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Routine morning, then shots and unthinkable terror

By John Christoffersen

Associated Press

Published: Saturday, Dec. 15 2012 6:02 p.m. MST

She made a couple more trips with children, then went back to the school and waited with another nurse and a pediatrician to help treat the wounded. None ever came out.

"You expected them to be bringing out more kids," said Debbie Leidlein, the school board president, who was home sick but rushed to the school when she heard the news, "and it just wasn't happening."

Kerins waited for two hours, watching as police officers came and went but never brought any more children outside.

"Finally they said to us they didn't need us anymore. We knew it was bad."

Carefully, police searched room to room, removing children and staff from harm's way. They found Adam Lanza, dead by his own hand after shooting up two classrooms. No officer fired a gun.

Student Brendan Murray told WABC-TV it was chaos in his classroom at first after he heard loud bangs and screaming. A police officer came in and asked, "Is he in here?" and then ran out.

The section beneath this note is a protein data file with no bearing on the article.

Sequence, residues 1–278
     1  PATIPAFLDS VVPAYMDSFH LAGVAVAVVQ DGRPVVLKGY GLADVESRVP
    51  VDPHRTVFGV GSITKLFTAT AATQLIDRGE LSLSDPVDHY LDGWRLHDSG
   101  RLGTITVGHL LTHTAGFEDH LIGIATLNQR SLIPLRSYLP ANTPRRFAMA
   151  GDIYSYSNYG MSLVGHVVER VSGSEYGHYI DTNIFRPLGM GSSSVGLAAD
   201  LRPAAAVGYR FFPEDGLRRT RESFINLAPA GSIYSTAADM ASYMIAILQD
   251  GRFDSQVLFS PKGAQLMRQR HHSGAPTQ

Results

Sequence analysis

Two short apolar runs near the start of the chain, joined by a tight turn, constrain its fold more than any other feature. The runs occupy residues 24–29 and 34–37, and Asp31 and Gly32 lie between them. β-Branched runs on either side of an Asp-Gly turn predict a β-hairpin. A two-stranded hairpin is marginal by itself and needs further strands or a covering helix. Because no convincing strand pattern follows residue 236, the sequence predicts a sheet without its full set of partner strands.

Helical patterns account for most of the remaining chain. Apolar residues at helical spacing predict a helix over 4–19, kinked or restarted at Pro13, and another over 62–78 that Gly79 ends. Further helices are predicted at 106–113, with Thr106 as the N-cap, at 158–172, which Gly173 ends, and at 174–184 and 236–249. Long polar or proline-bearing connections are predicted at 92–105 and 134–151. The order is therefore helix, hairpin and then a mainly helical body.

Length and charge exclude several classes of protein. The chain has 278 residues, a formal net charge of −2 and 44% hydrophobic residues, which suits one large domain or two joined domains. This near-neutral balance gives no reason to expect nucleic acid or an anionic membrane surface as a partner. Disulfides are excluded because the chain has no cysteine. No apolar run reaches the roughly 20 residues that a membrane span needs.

"Then our teacher, somebody, yelled, 'Get to a safe place.' Then we went to a closet in the gym and we sat there for a little while, and then the police were, like, knocking on the door and they were, like, 'We're evacuating people, we're evacuating people,' so we ran out."

As they were led away, children were warned to close their eyes so they would not see the gruesome aftermath of the attack.

Parents rushed to the scene. Family members walked away from a firehouse that was being used as a staging area, some of them weeping. One man put his arms around a woman as they walked down the middle of the street, oblivious to everything around them.

Gov. Dannel P. Malloy and other public officials came to the firehouse. So did clergymen like Monsignor Robert Weiss of Newtown's St. Rose Roman Catholic Church. He watched as parents came to realize that they would never see their children alive again.

"All of them were hoping their child would be found OK. But when they gave out the actual death toll, they realized their child was gone," Weiss said.

He recalled the reaction of the brother of one of the victims.

"They told a little boy it was his sister who passed on," Weiss said. "The boy's response was, 'I'm not going to have anyone to play with.'"

Long into the night, Leidlein sat with parents who had lost their children, trying to do what little she could to offer consolation.

"They were asking why. They can't wrap their minds around it. Why? What's going on?," she said. "And we just don't have any answers for them."

Jocelyn Noveck reported from New York. Jim Fitzgerald, Pat Eaton-Robb, Matt Apuzzo and Adam Geller in Newtown and Bridget Murphy in Boston contributed to this report.

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